The Wood-Fired Blog

Water and Dough Structure

I have been experimenting with baguettes recently, including different approaches to fermentation time, better folding techniques, improved methods for loaf shaping, scoring, placement in the oven and steam.

Now I am going to start trying to hone in on the optimal hydration for my flour of choice and my oven—Trader Joe’s All Purpose Wheat flour and a Presto pizza oven.

As a general rule, wetter (higher hydration) doughs produce bread that is chewier and has a well developed, moist crumb with nice air holes. But reading various break cookbooks and web sites, there is not universal agreement on exactly what constitutes a high hydration dough, and what the proper hydration levels are for a traditional French baguette. Some experts say that 60% hydration is enough, while others will note that 60% might work in France, where the wheat is softer and has a lower gluten content and it absorbs less water, making that relatively low hydration level appropriate.

At the same time, I have been working at the other end of the spectrum—with a wetter 80% dough recipe recently, and the results have been very telling. Simply put, my baguettes are too flat. No matter how hard I try to develop the dough structure to enable my loaves to hold a round shape, and even though I am now using a couche to hold my loaves upright while they doing their final proofing (and a baguette flipping board)—my baguettes are just too flat. While the crumb is very good, I don’t like the shape. Equally, while crust is good, it veers toward chewy, rather than that light and airy crunch that I like in a baguette.

I was talking with our teenage daughter about the dynamic between water and dough strength, and we came up with an analogy of a thin water balloon with too much water—it just bulges out. Gravity tries to flatten the wetter, heavier dough, while the gluten network in the dough struggles to hold the loaf in shape. And with an 80% formula using AP flour, there just isn’t enough structure.

Put another way, 80-odd% hydration is the range typically seen in a ciabatta, a free-form Italian loaf with big holes and a chewy crust. With no hope of holding a formed loaf shape, the baker simply lays it out like a dog bone shaped puddle of dough.

So there we have it. I believe that 60% is too dry to give me the crumb development that I want, and I am convinced that I won’t be able to make the style of baguette that I want at 80%. I guess it’s time to learn what the sweet is for my conditions, my flour and my oven.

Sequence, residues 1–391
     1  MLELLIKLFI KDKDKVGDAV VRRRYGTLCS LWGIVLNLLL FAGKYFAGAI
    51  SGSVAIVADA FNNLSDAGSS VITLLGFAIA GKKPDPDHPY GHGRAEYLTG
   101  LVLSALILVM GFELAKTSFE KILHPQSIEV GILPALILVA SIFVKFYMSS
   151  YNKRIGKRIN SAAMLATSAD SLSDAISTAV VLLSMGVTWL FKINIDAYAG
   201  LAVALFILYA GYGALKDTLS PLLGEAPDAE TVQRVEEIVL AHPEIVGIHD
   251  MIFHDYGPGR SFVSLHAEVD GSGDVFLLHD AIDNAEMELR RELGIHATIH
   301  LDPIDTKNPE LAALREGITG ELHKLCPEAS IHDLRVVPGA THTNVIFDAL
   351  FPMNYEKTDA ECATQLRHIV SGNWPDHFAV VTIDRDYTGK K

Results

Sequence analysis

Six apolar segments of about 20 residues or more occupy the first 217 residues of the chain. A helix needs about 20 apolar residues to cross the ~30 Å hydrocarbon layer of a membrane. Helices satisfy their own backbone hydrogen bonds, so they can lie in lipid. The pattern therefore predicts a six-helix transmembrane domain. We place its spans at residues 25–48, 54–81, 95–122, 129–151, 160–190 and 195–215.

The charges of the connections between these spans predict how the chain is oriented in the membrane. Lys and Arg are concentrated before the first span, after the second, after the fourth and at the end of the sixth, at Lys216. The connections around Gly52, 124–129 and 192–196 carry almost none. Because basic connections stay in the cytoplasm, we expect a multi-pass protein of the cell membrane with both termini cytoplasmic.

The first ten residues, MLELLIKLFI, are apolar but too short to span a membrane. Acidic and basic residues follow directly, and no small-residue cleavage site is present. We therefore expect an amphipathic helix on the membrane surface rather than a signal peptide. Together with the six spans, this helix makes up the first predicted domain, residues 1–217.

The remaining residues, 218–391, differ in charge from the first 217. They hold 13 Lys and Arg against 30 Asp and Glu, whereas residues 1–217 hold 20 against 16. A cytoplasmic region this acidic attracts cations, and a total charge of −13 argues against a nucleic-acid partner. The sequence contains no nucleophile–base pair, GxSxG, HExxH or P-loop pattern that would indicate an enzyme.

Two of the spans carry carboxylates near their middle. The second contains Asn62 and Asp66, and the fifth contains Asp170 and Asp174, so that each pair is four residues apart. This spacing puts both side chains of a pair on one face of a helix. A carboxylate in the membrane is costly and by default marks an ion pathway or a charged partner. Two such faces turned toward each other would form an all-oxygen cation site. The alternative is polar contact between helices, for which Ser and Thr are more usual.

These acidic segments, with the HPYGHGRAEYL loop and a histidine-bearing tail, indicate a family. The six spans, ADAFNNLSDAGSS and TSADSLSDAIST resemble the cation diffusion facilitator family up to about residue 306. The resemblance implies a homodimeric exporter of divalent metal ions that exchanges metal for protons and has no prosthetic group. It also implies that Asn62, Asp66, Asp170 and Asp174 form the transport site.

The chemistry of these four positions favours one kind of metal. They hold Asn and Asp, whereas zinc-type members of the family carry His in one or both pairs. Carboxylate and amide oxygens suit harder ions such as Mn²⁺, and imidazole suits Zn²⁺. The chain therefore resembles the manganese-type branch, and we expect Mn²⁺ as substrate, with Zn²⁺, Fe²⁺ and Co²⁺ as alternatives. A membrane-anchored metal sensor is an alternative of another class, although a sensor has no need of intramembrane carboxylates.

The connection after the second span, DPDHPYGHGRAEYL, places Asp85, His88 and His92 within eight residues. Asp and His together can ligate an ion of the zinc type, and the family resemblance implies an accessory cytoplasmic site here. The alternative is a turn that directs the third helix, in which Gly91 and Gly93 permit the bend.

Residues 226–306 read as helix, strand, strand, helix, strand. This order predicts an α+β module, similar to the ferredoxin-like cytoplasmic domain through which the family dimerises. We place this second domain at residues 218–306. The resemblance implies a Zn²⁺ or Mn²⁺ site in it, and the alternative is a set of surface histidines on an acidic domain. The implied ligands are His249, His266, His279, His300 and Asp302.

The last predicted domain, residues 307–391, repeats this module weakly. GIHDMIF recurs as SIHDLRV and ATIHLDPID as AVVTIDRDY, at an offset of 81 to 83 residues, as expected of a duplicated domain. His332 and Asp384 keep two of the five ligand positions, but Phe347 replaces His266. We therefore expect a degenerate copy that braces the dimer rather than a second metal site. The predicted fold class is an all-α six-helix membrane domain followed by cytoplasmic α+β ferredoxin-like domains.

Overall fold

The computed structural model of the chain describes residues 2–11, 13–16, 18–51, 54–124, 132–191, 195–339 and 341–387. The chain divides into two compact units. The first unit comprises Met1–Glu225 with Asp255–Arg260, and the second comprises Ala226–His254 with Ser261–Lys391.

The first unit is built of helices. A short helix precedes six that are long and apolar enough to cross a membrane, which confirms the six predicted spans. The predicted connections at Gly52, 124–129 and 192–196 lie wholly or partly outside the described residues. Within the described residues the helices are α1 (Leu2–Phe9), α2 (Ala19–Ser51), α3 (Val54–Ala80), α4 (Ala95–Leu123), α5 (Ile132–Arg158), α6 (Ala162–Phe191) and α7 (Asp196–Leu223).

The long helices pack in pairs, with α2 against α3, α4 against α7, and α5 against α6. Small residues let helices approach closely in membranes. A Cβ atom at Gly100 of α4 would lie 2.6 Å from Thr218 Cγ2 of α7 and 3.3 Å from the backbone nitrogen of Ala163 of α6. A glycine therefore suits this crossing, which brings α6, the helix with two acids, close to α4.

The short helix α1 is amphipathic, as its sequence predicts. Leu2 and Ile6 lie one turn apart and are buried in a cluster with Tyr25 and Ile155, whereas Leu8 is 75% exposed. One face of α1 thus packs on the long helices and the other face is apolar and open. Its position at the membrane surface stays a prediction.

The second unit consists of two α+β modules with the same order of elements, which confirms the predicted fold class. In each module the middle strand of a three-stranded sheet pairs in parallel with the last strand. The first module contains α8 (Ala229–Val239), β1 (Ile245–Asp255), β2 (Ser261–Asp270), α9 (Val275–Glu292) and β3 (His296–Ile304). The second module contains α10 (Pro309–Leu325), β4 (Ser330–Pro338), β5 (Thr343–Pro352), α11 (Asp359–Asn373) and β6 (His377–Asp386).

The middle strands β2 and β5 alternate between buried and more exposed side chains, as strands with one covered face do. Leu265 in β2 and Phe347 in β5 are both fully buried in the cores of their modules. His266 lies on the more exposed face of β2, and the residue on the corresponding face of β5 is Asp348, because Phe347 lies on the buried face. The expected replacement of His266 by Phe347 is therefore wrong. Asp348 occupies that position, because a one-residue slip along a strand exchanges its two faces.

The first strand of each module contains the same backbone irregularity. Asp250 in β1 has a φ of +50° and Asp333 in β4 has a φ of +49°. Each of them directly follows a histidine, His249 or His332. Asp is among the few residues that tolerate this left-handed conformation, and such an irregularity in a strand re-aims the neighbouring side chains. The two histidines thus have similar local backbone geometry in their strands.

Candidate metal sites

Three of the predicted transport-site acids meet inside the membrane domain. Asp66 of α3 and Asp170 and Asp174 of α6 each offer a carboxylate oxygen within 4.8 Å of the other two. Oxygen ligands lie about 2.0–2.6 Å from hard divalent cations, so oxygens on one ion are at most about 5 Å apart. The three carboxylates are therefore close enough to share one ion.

It sounds like fun.

Mixing High Hydration Dough

I made 80% hydration baguette’s, and was reminded just how much longer (and a little faster) you need mix the dough to build the strands of gluten and develop the bread’s structure. That statement marks roughly the end of my technical knowledge on the science of web dough—thought I want to do some more research in order to understand why this is true.

From this sequence of photos, you can see the dough go from being not much more than batter, to nice thin strands of gluten developing, to the entire mixtures pulling from the sides of the mixing bowl to shape a true dough ball with a wonderful, silky texture.

Here is the recipe:

1 kg of Trader Joe’s white all purpose flour
10 grams of yeast
20 grams of salt
800 grams of ice water

Mixing took 13-15 minutes, including 3-4 minutes in the middle with my KitchenAid stand mixer running at a high speed (4 or 5). I bulk fermented the dough for a couple of hours before pushing out all of the air bubbles and shaping baguettes.

I ended up making some nice baguettes in my Presto pizza oven.

One last note. The Forno Bravo “perfect pizza dough” by weight recipe that we use in all of our eBooks does not call for you to proof your yeast in any way—we don’t add sugar to get it started, we don’t add warm water, and we don’t mix it on the side. Modern yeast is simply good enough to work without any of these extra steps.

“Ah, but does it always work?” you might be asking be asking yourself. If fact, we get a reasonable number of questions by phone and email, asking us if that really works. The answer is a resounding yes!

Think of it this way. In this recipe, I added the yeast directly to the flour (with no sugar or honey, and no separate proofing), and then I proceeded to dump ice water on top of it. Ice water, which is pretty much the opposite of proofing the yeast in warm water. And it worked great.

So my advice is to skip the yeast proofing step, and invest that time is very accurate weighing of your ingredients. You will come out ahead on time, and your bread and pizza dough will be much better!